The most famous scene in Breakfast at Tiffany’s is the opening one – the one from which the film (and the Truman Capote novella on which it was based) takes its title.
Holly Golightly emerges from a yellow cab, dressed in a floor-length black gown, elbow-high gloves, dark sunglasses and an extravagant pearl necklace, and nibbles her morning croissant and coffee while gazing into the windows of one of the most exclusive shops in Manhattan.
Even if you have never seen the film itself, you’ve probably seen this scene; it made the star, Audrey Hepburn, and New York synonymous, and Hepburn’s Holly Golightly has passed, happily, into cinematic folklore.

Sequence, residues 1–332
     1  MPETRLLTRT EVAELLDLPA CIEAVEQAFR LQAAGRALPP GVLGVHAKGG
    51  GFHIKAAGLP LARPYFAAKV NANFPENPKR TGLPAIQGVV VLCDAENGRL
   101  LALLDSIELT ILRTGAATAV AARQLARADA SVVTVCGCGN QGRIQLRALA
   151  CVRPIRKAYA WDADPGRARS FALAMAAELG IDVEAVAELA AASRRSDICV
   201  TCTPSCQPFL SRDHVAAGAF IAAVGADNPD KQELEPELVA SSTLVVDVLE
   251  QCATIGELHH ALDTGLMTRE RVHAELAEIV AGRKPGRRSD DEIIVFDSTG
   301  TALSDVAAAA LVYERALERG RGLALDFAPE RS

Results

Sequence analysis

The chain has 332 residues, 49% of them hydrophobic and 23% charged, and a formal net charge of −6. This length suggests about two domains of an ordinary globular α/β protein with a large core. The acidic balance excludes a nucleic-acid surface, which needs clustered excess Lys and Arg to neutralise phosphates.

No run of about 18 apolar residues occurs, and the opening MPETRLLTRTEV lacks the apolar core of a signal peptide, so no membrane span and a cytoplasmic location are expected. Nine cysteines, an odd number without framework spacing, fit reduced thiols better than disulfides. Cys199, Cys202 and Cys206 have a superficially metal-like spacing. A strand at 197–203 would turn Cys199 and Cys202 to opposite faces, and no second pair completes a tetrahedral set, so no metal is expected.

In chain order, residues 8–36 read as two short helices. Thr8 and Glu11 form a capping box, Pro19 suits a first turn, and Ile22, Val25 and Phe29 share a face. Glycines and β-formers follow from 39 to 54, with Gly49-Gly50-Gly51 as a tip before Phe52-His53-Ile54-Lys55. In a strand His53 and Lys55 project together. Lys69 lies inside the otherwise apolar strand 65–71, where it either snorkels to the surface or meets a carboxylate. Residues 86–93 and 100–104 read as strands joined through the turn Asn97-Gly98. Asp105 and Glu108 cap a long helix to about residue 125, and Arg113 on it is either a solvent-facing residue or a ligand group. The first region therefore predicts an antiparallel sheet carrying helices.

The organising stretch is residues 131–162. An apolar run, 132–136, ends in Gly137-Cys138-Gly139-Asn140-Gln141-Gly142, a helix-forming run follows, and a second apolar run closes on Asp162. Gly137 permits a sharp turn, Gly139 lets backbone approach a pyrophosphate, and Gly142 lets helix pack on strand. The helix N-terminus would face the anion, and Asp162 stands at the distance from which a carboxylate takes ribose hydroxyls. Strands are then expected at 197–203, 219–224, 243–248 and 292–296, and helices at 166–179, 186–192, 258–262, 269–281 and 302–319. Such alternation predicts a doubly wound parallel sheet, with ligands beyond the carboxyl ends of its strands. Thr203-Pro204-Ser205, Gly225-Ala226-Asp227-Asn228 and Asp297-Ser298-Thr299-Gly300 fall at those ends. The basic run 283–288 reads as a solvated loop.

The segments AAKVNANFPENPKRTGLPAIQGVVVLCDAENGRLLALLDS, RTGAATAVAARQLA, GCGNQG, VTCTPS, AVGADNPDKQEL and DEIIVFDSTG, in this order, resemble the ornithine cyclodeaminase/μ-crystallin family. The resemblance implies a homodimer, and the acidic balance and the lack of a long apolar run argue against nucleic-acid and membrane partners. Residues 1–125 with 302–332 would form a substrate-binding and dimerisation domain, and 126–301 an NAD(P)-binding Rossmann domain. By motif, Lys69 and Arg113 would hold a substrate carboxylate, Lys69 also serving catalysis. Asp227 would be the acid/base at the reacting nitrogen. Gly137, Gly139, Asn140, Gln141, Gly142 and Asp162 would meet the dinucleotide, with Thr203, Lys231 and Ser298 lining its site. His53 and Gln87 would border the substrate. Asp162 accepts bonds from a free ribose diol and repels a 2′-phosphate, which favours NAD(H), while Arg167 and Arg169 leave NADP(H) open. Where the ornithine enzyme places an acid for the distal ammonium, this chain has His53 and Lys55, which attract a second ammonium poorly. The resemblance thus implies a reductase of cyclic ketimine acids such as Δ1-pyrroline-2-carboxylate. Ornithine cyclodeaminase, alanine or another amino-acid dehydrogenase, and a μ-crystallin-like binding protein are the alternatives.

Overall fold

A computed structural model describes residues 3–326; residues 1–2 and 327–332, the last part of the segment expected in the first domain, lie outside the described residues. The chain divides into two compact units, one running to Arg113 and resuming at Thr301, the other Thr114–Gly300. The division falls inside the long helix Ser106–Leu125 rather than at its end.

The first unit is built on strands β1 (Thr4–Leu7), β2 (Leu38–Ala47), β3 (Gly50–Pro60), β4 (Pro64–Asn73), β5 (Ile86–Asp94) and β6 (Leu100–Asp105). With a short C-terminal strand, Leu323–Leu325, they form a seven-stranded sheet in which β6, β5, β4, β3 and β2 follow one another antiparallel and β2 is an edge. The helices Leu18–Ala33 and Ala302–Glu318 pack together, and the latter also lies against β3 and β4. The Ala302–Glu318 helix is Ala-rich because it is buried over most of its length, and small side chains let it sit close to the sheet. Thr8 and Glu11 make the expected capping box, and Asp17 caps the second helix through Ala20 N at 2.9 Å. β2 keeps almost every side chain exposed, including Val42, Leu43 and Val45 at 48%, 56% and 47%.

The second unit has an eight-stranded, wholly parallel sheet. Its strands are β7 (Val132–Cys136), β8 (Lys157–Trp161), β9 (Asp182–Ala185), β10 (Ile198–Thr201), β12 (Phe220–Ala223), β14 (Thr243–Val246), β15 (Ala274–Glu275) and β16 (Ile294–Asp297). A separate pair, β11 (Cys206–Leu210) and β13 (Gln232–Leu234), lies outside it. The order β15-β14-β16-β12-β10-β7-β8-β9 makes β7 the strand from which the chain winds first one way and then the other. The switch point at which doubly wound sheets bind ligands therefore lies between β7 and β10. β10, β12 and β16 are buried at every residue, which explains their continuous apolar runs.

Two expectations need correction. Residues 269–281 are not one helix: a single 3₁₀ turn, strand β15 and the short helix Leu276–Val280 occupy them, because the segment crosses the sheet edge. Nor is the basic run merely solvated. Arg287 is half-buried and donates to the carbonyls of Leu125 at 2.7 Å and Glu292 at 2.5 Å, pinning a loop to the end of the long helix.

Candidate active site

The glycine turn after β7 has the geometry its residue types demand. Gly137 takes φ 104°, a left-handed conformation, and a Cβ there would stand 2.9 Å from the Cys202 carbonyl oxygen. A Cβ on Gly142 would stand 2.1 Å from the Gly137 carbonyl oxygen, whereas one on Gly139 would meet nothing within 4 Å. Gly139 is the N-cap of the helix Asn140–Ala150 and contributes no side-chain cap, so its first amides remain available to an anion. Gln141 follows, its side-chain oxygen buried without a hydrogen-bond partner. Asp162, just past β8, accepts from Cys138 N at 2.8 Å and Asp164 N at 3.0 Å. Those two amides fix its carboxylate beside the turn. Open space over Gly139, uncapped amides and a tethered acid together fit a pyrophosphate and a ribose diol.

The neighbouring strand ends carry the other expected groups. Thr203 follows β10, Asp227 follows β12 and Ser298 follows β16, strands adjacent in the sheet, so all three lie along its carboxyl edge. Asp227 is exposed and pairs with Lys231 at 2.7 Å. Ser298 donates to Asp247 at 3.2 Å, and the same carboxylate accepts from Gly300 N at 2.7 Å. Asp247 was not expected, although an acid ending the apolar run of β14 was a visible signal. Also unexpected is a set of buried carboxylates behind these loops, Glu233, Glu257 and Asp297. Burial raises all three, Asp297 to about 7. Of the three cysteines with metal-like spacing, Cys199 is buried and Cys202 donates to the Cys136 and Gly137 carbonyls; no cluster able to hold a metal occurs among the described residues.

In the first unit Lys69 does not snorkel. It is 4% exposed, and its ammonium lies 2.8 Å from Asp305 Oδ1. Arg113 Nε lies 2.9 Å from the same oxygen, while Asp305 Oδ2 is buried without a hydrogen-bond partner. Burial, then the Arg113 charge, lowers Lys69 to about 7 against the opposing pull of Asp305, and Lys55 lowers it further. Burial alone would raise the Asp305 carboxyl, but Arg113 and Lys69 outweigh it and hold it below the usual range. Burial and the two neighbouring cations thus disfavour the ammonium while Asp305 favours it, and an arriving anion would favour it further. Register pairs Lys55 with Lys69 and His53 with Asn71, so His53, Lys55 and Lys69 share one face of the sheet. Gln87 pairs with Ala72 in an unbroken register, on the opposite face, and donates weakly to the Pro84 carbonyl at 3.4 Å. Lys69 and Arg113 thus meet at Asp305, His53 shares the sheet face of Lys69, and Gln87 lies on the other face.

Director Blake Edwards’s hymn to New York high style and high living with its charming heroine, along with her cat (called “Cat”) and those wonderful Johnny Mercer Moon River lyrics, has hardly dated since its release.
Originally a creation of writer Truman Capote, Holly, as written for the screen by George Axelrod and portrayed by Hepburn, is quite enchanting, even though period censorship makes it rather unclear what she actually does for a living (she’s a . . . ahem . . . working girl).
Despite the presence of handsome George Peppard and Patricia Neal, this is Hepburn’s movie, her black dress and long cigarette holder ready again to start a fashion revolution.
Only Mickey Rooney’s phoney (and now politically incorrect) caricature of a Japanese gent as Holly’s exasperated neighbour seems out of kilter in what is otherwise a thoroughly entertaining and wonderfully escapist movie.
José-Luis De Villalonga